Time for the Suits to Join the Sandals in Creating Zero Waste Communities

Time for the Suits to Join the Sandals in Creating Zero Waste Communities

Waste=Wasted Cash. That’s the first reason many large national companies want to become Zero Waste. Eliminating waste means becoming more efficient and saving money. But there’s more to gain than economic opportunity when a large national business goes for Zero Waste. It’s a chance to generate love and loyalty from consumers, to improve employee engagement, and to toot the company horn as a good environmental steward at a time when that is increasingly a customer value.

The U.S. Zero Waste Business Council (USZWBC) is full of success stories of large manufacturers who cut costs through Zero Waste initiatives and are recovering 90 percent or more of their discards. The USZWBC is also full of great resources to help your company get on board.

So if it’s been proven possible, what’s stopping all big companies from going down the Zero Waste road? Mostly it’s the challenges of actually diverting nearly all of their waste from landfills or incinerators. We all know how that is supposed to happen–recycling the normal stuff (paper, plastic, etc.), reusing office furniture and old equipment, composting food scraps and soiled paper, recycling the “hard to recycle” stuff like Styrofoam, pallet wrap, etc., and redesigning systems to eliminate the rest.

But I’ve heard firsthand from companies that going for Zero Waste in Middle America is nearly impossible–not for lack of will, but for lack of infrastructure. Being successful means having vendors that will take all your stuff, like a local recycling company or a thrift store. But what about composting facilities, furniture repair/reuse outlets and facilities for hard-to-recycle items?

In most places in America the “free market” has not created composting facilities or Centers for Hard-to-Recycle Materials (CHaRM). This issue is actually part of a larger discussion about “sustainable urban infrastructure,” like bike paths, good bus service, and electric-car charging stations. We can now add to that list: Zero Waste infrastructure.

So what is an aspiring Zero Waste business to do when the local infrastructure doesn’t exist to support their goals? Assuming that the business isn’t going to build their own composting or CHaRM facility, it’s time for the business to lean in to the community and start advocating for community-wide Zero Waste policies and infrastructure.

Businesses generate half the waste in every community. They also shape the economics, reputation and culture of every community. Better community-wide services enable businesses to reach their own sustainability goals. And Zero Waste creates new business opportunities for entrepreneurs and existing service providers. It also engages employees and promotes corporate social responsibility efforts. It’s a win-win for both the community and the businesses.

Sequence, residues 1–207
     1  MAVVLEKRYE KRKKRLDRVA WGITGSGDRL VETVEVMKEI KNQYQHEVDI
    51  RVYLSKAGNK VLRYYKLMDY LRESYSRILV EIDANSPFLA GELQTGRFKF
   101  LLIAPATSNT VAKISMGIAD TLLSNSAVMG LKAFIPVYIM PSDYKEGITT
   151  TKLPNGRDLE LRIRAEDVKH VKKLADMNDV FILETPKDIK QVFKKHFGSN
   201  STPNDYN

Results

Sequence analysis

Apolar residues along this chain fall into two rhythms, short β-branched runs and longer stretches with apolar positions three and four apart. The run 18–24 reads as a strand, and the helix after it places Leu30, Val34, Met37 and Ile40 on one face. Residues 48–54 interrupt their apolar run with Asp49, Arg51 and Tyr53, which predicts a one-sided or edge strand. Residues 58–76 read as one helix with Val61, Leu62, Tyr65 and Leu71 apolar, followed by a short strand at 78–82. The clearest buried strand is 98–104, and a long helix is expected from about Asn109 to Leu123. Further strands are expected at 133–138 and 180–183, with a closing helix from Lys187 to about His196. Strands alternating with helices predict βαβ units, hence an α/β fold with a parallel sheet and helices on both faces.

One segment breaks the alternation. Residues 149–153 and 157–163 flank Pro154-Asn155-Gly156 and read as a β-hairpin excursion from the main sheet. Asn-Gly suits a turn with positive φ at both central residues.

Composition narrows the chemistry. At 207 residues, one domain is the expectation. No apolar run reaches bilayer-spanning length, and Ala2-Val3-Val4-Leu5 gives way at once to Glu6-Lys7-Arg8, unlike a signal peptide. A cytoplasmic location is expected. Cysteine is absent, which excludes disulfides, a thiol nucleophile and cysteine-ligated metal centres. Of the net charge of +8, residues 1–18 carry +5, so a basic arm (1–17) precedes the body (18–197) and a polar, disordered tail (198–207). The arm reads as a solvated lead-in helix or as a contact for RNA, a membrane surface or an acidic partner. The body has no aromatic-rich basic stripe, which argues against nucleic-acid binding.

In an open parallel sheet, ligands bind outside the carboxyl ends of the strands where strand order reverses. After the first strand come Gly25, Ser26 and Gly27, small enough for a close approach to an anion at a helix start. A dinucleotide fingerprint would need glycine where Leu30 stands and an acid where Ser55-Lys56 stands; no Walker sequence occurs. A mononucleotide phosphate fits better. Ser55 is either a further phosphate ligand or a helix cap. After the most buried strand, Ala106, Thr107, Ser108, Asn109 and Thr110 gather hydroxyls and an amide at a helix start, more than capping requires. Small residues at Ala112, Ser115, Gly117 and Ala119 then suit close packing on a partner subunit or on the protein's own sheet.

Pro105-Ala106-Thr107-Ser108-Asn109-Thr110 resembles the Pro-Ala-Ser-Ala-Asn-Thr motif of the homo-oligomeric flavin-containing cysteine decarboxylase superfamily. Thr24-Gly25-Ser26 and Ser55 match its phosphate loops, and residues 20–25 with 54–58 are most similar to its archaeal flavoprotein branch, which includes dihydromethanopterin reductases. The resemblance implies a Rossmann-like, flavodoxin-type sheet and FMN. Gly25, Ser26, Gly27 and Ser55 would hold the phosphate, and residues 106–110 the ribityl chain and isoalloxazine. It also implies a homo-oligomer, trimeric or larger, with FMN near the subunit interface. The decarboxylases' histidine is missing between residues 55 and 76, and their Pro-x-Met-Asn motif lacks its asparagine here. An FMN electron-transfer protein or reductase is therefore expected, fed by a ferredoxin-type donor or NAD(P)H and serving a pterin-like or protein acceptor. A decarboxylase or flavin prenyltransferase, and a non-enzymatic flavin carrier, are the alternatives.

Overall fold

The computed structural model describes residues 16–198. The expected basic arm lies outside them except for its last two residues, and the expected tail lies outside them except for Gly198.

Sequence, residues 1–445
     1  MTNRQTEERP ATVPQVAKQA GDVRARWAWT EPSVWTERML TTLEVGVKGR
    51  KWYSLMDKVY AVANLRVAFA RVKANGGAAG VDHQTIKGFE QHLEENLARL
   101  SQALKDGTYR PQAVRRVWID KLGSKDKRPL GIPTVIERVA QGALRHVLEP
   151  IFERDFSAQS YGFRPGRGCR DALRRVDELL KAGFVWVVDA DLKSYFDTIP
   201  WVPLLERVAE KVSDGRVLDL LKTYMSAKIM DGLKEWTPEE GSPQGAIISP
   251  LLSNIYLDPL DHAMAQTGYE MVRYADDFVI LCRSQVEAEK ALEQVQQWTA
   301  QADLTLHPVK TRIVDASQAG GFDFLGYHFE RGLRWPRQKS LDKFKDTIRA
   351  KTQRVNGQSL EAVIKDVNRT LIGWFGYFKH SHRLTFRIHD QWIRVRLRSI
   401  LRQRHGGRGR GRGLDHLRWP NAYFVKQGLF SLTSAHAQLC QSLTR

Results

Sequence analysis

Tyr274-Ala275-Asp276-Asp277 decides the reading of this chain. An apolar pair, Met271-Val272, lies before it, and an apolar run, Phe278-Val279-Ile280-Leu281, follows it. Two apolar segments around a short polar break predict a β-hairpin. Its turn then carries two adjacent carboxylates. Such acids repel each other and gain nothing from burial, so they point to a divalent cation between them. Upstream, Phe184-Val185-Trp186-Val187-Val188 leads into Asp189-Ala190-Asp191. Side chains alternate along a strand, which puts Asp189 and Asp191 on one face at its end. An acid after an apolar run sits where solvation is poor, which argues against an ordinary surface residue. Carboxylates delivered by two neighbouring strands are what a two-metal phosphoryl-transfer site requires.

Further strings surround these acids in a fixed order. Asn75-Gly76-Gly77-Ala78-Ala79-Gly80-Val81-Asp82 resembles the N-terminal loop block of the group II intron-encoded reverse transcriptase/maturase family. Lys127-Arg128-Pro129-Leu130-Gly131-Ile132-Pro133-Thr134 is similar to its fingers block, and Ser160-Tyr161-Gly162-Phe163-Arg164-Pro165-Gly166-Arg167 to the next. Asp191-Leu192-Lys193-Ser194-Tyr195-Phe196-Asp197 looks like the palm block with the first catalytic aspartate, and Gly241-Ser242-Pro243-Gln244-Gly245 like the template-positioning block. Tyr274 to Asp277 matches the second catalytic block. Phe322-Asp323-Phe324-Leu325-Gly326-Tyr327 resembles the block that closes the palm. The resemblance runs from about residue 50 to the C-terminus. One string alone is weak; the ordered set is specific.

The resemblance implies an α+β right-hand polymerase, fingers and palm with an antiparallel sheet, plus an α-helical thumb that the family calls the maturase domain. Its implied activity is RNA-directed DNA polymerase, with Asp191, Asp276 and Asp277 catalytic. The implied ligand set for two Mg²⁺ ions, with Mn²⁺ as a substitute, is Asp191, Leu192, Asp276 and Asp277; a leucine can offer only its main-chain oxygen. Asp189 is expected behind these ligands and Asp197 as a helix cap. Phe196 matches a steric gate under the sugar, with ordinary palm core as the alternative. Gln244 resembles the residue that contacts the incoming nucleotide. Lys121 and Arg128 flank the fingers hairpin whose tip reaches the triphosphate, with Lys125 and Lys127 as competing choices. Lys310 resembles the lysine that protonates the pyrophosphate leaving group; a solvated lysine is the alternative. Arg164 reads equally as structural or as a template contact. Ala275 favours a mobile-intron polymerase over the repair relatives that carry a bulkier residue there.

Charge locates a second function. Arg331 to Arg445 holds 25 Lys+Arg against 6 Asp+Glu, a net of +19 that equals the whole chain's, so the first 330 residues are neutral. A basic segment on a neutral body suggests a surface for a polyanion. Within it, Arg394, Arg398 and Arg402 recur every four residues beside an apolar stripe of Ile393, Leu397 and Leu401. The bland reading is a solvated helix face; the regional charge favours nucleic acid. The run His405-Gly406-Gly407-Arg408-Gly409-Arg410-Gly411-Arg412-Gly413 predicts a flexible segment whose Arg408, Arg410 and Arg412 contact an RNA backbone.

Here are two successful examples of large companies with Zero Waste goals that helped drive community change:

  • Honda of America has transformed many of its operations into Zero Waste facilities, including its plant in Logan County, Ohio. The company’s commitment helped spur Logan County to become the first community in Ohio to adopt a Zero Waste goal. The county has since invested in a materials recovery facility (MRF) and a CHaRM, both model examples of Zero Waste infrastructure for rural communities.
  • General Motors’ work to achieve near-Zero Waste at 120+ facilities has taken a real commitment to finding local vendors and creative opportunities to repurpose its discards. Perhaps none is more inspiring than their partnership with The Empowerment Plan. The social enterprise utilizes GM’s scrap sound-proofing material to manufacture coats that unfold into sleeping bags to clothe the homeless, while also employing homeless in the manufacturing process.

These examples show both the business and the community benefit from a shared Zero Waste vision.

But the business community, and especially large national corporations, cannot achieve their in-house Zero Waste goals alone. They need their community to invest in the infrastructure and the supporting policies and programs, especially when it comes to composting and hard-to-recycle materials.

So how do businesses lobby City Hall and the Chamber of Commerce to advance Zero Waste policies and infrastructure? Businesses can’t do that alone, either. But they’ll find an unlikely, or previously unused, ally in the local environmental groups.

It may be rare for environmental groups and businesses to have a common vision, but when they do, they can make powerful change happen. Zero Waste creates that shared platform since a resource efficient economy is good for both business and the environment. If you haven’t read it yet, the author and businessman Paul Hawken made that point powerfully and clearly when he wrote his classic book “The Ecology of Commerce.” The book was ahead of its time, but now we’re catching up to the truth of it–that businesses cannot thrive in the context of a failing environment, and the mainstream business community in America is benefiting from its wisdom.

It is time for the suits to join the sandals and work together with local governments to prioritize community investments in recovery infrastructure. If corporations really are people, then it’s time they joined the grassroots in the push to build a Zero Waste Society.

Eric Lombardi is the executive director of Eco-Cycle International and has had a long career in community resource conservation, social enterprise development and non-profit (NGO) organizational management since 1980.

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